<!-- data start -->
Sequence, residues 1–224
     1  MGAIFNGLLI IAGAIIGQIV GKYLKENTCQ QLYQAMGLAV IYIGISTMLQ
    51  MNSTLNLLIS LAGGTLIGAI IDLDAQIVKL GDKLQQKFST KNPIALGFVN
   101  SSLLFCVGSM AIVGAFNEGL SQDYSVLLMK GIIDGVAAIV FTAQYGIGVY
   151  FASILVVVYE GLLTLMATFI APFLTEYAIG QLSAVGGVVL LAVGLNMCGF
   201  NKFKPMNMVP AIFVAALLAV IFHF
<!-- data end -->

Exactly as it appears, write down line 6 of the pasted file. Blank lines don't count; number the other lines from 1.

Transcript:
   201  NKFKPMNMVP AIFVAALLAV IFHF